The Drop It Like It's Hot rapper filed a complaint in the Los Angeles Superior Court in June, 2015 against executives at the Pabst Brewing Company, who hired him to become the face of the alcoholic energy drink line Blast by Colt 45 in 2011.

The company was sold in 2014, and the rapper, real name Calvin Broadus, Jr., claims he was entitled to 10 per cent of the sale, and is owed $70 million (£50 million).

He sought an unspecified amount of damages for breach of contract and intentional interference with contractual relations.

Lawyers for the company tried to stay or dismiss the suit and move proceedings to Chicago, Illinois, where the brewery is based, but their motion was denied.

Snoop Dogg is now set to take the case in front of a jury in Los Angeles on 31 October (16).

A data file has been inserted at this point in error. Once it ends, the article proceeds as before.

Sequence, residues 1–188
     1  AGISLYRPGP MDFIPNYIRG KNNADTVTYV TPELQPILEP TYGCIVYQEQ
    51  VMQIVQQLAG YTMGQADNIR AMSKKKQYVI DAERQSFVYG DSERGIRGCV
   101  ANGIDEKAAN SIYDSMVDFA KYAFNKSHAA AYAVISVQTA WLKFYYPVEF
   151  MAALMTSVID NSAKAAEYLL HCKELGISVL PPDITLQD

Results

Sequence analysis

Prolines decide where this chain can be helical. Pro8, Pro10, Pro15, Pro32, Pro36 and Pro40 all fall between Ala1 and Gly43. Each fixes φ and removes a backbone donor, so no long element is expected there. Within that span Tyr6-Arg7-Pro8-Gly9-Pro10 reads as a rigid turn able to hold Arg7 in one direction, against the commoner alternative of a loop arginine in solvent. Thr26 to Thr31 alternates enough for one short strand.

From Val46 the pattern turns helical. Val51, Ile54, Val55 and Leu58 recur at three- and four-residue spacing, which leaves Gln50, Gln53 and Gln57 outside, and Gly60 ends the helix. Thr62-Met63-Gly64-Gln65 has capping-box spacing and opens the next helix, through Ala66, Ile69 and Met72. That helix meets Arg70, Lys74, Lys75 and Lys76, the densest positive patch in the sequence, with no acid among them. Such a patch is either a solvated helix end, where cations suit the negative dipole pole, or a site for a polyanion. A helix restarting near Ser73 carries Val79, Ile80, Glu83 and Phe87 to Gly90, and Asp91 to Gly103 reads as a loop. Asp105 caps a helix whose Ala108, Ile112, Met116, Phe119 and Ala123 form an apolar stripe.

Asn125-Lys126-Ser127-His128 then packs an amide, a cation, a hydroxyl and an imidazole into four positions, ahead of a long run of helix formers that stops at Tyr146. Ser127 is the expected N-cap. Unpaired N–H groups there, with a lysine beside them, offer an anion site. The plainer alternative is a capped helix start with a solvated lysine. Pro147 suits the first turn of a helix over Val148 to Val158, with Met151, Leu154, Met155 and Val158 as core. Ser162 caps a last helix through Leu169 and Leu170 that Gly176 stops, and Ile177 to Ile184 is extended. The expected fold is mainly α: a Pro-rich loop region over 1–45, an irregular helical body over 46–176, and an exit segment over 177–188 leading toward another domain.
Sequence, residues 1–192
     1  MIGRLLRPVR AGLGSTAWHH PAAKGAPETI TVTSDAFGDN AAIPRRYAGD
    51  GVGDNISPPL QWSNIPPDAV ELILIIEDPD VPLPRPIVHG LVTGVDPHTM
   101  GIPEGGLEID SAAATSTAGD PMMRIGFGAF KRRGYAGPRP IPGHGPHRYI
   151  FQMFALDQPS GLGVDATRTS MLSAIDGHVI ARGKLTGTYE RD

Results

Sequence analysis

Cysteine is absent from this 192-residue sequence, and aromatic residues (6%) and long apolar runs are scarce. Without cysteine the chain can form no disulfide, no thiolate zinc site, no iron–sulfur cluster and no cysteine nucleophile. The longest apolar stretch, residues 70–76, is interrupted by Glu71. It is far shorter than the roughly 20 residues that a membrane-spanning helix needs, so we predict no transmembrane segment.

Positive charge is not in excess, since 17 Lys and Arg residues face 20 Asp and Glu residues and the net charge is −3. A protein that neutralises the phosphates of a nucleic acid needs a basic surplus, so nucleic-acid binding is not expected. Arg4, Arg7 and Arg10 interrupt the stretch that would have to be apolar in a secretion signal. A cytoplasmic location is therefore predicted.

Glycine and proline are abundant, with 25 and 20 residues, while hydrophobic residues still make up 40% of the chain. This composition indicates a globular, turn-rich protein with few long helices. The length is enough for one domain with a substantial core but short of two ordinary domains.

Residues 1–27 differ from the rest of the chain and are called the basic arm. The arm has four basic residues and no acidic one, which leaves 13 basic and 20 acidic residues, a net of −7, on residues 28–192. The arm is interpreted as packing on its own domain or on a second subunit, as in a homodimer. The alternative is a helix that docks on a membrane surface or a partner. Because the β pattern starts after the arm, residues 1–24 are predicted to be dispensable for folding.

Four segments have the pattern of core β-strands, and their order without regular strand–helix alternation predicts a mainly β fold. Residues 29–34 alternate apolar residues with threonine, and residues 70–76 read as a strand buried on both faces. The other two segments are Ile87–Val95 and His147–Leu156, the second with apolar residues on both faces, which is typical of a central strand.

His lawyer Alex Weingarten told The Hollywood Reporter, "We are thrilled that the Court saw through PBR's rhetoric and followed the law... PBR desperately wants to keep this case away from a Los Angeles jury, presumably because they know that they are going to be held accountable for their conduct."

Pabst attorney Richard B. Kendall says, "We are confident that once that agreement - which proves that Pabst still owns the Colt 45 brands and thus owes no payment to Snoop - is received in evidence, the case will be over."